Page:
The premise for the episode is simple enough. The Griffins are fleeing Quahog after Peter's latest job as a comic strip creator renders him the most hated man in town. When they stop at a semi-isolated gas station their car is stolen and they're left stranded on the outskirts of Springfield. The remainder of the hour-long special takes place all across town, making sure to feature as many "The Simpsons" characters and running gags as they possible can, all leading up to a show-off between all the similar characters from both shows.

The best, and arguably only good, part of this episode is the art. Despite "The Simpsons" and "Family Guy" both having their own distinct art styles this episode manages to blend them convincingly. Making it actually seem like they're all part of the same world, and not just two different shows thrown in a blender. Of course there are some moments when the "Family Guy" aspect shines through more brightly than "The Simpsons", but considering it is actually an episode of "Family Guy" that is to be expected.

The narrative of the episode is however just mindless dribble. The empty-headed self-references get old fast, and when there's a whole forty six minutes of them you end up just waiting for it all to blow over. It is in the nature of crossover shows, of course, to compare the two shows and be nothing more than fan service, but that doesn't mean they're good. There's a reason most people don't like crossover shows, they end up feeling like neither show. Instead they're end up as a weird mix of ideas and characters that end up being remembered as nothing more than "that one time that guy from that one show was on that other show". It's a neat idea to want to see  your favourite characters together, but it's not a good one.

The last half hour or so of the show is probably some of the worst scenes in the history of either show. It's more or less just Homer and Peter fighting across Springfield, making sure to stop by any iconic set and get one-liners from the characters that have the time to say anything earlier on. Despite there being constant action you end up looking at the clock, wondering how much time there is left until the credits finally start to roll. It's just not fun anymore. It never was.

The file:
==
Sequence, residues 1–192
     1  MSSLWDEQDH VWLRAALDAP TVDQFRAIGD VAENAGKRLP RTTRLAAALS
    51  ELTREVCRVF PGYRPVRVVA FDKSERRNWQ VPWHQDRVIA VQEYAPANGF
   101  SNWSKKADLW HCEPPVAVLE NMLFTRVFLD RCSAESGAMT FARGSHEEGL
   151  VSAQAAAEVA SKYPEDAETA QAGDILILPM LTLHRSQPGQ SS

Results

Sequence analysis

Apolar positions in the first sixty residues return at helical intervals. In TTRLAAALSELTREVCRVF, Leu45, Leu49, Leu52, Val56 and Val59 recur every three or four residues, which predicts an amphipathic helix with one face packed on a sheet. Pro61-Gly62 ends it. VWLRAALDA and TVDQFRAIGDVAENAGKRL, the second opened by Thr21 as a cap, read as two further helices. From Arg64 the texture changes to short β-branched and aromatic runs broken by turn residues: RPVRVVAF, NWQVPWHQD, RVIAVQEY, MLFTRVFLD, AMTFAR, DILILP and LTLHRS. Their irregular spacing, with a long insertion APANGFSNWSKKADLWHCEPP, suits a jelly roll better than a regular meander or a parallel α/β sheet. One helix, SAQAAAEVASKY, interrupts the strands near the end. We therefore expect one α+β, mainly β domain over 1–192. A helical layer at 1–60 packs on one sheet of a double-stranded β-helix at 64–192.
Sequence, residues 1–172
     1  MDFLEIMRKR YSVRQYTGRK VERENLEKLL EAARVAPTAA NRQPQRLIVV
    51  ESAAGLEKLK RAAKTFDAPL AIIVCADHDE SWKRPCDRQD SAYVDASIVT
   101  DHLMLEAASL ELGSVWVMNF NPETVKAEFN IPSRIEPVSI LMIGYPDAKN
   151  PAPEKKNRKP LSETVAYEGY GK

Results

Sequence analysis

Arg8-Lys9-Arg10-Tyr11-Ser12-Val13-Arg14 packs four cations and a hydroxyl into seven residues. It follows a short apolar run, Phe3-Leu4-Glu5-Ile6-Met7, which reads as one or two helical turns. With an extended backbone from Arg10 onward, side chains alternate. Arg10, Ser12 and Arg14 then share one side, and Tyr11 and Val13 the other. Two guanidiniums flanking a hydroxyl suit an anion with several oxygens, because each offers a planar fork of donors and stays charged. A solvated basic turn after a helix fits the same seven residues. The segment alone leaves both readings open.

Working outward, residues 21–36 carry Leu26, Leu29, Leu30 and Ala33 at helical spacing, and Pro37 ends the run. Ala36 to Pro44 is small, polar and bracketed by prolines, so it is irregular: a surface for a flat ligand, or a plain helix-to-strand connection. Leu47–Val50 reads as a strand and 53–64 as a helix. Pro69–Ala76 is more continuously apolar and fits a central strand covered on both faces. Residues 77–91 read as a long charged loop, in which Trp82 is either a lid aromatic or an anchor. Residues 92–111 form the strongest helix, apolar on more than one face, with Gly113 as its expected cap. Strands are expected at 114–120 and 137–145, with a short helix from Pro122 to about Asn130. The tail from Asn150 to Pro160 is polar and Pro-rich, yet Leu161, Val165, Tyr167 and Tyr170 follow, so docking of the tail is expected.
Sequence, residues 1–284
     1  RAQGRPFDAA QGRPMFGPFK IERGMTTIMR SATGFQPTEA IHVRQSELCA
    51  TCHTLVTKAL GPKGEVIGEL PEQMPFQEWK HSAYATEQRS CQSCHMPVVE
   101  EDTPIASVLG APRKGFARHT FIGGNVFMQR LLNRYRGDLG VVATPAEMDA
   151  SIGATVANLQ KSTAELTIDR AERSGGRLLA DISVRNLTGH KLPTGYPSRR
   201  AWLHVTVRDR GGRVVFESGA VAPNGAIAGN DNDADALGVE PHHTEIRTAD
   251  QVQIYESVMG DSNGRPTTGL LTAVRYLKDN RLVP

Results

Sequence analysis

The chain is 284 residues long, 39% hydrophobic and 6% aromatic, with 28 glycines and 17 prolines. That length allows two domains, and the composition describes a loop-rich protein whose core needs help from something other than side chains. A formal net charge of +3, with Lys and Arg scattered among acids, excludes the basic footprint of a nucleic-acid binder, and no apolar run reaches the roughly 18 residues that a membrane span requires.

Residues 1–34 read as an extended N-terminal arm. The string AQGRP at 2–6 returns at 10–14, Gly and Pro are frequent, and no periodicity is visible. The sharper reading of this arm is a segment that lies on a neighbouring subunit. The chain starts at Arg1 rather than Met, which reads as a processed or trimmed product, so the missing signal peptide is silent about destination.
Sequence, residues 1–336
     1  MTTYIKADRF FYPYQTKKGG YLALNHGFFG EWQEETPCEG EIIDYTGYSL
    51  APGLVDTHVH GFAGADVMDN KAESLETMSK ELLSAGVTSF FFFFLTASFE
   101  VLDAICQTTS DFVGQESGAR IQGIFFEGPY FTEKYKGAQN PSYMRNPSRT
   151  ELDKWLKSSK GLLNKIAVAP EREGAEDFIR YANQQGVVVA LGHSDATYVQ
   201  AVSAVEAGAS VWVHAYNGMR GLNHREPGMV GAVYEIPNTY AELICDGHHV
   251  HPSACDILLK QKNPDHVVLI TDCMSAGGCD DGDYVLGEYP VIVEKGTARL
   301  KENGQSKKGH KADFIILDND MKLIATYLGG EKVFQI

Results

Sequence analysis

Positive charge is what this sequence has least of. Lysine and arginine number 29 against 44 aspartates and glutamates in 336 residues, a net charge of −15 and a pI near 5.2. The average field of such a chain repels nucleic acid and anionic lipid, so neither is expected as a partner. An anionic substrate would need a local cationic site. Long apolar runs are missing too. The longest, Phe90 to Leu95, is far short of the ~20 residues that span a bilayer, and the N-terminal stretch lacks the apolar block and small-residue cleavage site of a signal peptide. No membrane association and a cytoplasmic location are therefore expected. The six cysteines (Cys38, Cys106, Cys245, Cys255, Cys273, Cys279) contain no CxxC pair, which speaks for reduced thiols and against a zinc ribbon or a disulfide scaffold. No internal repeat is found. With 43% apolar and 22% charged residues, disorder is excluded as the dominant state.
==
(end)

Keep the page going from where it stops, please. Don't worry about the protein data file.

Overall this just wasn't good. Although you'll get a few cheap laughs here and there at the expense of one show or the other, there's nothing more meaningful to it, nothing that really keeps you interested. This is a crossover that's been in people's heads for so long that is just can't live up to what they've already imagined. This is an idea that Fox should've killed the moment it showed its head, but instead we're left with an episode that will scar both shows for as long as they remain relevant.

Sunday, 28 September 2014

Gone Girl - Disturbingly Dazzling

"Gone Girl" is David Fincher's latest adventure in film making. It's one of the films of 2014 I had the weakest vibe on beforehand, never really hearing too much about it except from the occasional film blog. And I'm glad I got to learn so little about it.


"Gone Girl" is a dramatic crime thriller starring Ben Affleck, Rosamund Pike and Carrie Coon in the most prevalent roles. It tells the story of a husband, Ben Affleck, left lost after he comes home to find his home in shatters and his wife, Rosamund Pike, missing. Through a series of flashbacks and character-on-character interactions we stand witness to them doing their best to solve the case of the Gone Girl.

Pure visually this is one of the most beautiful films I've seen this year, which isn't all too surprising considering it's directed by David Fincher who's again brought with him cinematographer Jeff Cronenweth. Cronenweth has worked on such films as "Fight Club", "One Hour Photo", and "The Social Network". Every frame in "Gone Girl" seems to have a perfect place in the story, and there's a symbiosis between the cinematographer and editor that you rarely see. It's the kind of film any film lover should watch if only for the technical aspect of it. Even if you happen to not be entertained by the narrative, I believe you would be by the sheer effort that has been put into adapting it to the screen.